LT: A girl who might be considered to play boys' games, ie. light fires or make camps could be called a tomboy. As a child I was into those sort of things. But by the same token I used to enjoy playing Barbie and dolls and drawing as well. So I think the term is somewhat archaic and possibly invented by somebody like Gyles who likes to buttonhole ladies into a certain place and possibly keep them there. For how long? And under lock and key? I'm not entirely sure. But I am terrified...
PM: Are you suggesting he's got some sort of cellar?
SP: He's got a tomboy dungeon! And all the little ladies there can unscrew jars and stare at a chopper...
SP: Into the basement!
NP: So Paul what was your challenge within the rules of Just A Minute?
PM: I don't have a challenge, I just want to be shown around the room!
SP: He wants a tour.
PM: Yeah I want a tour, I want a tour!
NP: All right, give Paul, because they enjoyed his challenge, a bonus point. Liza you get a point because you were interrupted...
LT: Thank you.
NP: You keep the subject, and you have 20 seconds, tomboys starting now.
LT: In Gyles's tomboy cellar...
NP: Gyles challenged.
GB: Repetition of Gyles, one's always acute to the sound of one's own name.
LT: Did I say Gyles or did I say Gyles's?
GB: You said Gyles three times. I was enjoying it. I was enjoying it. I was enjoying it. And look what I've written on the thing here. O-7-7-3-0-2-1...
LT: I won't tell you what Iíve written!
NP: All right so Gyles you get a point for a correct challenge. Liza gets a point because we enjoyed her response to your remark, that's a bonus point to Liza. And Gyles you have tomboys still, 19 seconds starting now.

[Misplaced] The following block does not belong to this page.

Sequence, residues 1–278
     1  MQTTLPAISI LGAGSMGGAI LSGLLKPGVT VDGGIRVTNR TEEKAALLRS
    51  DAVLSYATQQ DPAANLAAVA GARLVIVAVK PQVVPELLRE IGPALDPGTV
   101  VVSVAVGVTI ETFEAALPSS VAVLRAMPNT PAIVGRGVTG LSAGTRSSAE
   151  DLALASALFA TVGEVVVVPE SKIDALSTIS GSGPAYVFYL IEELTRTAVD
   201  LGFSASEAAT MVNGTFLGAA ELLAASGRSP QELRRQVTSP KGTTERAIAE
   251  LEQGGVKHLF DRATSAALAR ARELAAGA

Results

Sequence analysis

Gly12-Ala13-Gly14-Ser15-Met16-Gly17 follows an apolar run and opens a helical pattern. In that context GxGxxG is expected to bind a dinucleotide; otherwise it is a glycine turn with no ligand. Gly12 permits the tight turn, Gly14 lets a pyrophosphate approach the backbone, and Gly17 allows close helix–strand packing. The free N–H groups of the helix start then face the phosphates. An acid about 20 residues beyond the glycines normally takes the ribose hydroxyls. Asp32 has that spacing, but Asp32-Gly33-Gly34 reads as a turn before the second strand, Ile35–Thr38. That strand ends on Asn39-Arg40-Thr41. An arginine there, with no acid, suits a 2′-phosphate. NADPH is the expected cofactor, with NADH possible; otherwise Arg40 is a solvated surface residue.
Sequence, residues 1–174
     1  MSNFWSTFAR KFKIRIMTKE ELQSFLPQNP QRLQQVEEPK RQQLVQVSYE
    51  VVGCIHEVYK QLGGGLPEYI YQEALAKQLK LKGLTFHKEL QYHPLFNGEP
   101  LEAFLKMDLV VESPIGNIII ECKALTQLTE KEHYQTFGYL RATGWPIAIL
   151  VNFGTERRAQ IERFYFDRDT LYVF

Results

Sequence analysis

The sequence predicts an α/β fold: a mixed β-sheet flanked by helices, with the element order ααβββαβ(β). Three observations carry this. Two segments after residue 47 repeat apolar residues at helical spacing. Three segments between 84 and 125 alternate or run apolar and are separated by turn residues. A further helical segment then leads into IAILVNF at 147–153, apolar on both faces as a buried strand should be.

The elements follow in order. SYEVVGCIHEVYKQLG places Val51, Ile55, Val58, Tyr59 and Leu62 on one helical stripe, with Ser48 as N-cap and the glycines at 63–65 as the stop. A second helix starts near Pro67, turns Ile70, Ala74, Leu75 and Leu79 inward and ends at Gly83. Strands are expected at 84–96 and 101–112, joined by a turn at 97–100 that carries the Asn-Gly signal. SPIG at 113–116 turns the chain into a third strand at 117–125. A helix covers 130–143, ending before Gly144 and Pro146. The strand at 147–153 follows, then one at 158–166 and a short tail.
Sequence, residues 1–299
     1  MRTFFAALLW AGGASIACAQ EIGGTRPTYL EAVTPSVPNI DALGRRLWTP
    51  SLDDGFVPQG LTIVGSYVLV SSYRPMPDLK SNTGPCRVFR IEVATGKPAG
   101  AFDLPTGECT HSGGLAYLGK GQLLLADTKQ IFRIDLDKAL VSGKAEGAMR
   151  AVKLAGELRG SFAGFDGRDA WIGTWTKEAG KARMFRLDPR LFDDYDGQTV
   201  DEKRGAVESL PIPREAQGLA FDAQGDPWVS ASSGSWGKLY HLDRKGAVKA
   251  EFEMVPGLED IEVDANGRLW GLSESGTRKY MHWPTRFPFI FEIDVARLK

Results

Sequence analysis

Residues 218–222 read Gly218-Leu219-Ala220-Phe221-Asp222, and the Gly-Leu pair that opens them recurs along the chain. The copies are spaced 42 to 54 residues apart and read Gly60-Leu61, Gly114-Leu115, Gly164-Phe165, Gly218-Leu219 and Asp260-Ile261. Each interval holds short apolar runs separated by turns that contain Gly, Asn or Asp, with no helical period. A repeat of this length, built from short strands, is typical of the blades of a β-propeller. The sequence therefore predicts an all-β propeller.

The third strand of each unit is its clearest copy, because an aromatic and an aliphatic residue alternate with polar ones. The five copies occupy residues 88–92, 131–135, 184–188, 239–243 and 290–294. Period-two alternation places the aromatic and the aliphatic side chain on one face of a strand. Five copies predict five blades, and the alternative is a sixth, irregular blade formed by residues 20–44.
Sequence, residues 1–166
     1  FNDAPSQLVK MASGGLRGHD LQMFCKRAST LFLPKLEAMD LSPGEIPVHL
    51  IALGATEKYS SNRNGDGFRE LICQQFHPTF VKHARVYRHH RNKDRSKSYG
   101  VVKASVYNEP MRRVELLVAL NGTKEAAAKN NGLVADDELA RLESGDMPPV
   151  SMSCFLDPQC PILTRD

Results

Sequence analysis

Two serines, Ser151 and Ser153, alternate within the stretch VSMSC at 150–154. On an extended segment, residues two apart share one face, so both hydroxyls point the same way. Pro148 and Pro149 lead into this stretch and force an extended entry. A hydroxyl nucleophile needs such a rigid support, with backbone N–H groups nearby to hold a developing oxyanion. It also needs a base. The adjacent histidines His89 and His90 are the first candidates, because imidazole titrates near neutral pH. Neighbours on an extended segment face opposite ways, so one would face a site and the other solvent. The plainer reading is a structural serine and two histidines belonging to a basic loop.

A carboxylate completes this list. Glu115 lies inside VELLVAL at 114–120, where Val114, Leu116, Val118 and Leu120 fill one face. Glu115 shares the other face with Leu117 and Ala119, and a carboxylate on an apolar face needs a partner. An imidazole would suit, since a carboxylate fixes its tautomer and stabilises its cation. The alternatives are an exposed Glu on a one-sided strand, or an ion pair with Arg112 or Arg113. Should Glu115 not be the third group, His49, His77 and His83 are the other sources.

GB: Thick thighs, broad shoulders, butch yet girly. The point is this. It's a combination of Peter Pan and Wendy. When I went to my analyst this afternoon it was explained to me...
NP: Sue challenged.
SP: Since when did either Peter Pan or Wendy have big butch thighs? I mean you can't fly if you've got big old thighs.
LT: You can't be airborne. It's that fellow from The Lion The Witch And The Wardrobe in his dreams.
SP: You're talking about Geoff Capes with wings. It doesn't make sense! It's a fantasy!
GB: This is actually quite delicate territory for me. You know, if you're just going to walk all over my dreams like that.
LT: Yeah I think we ought to!
GB: Well I quite like it actually.
NP: Well they are rather strange dreams.
LT: Yeah yeah.
SP: He's, diversion from the theme of tomboy into...
NP: Yes I agree with your...
SP: ... Britain's Strongest Man but airborne!
NP: Sue I agree with your challenge, you have tomboys, you have 19, no, 10 seconds starting now.
SP: Tomboys are beautiful adolescent creatures who like doing all sorts of things, but nonetheless get collared by stereotypes. So what, they want to climb trees and call apples and carry knives...
NP: So Sue Perkins brought the round to a close on that occasion, got the extra point for doing so. And I think hers was the best description of a tomboy of all the attempts that were made in that round.
SP: Strange that, isn't it!
NP: Nothing's strange with you Sue, you can encompass anything you want.
LT: Crack nuts with those thighs!
SP: Oh yeah! I just done an almond!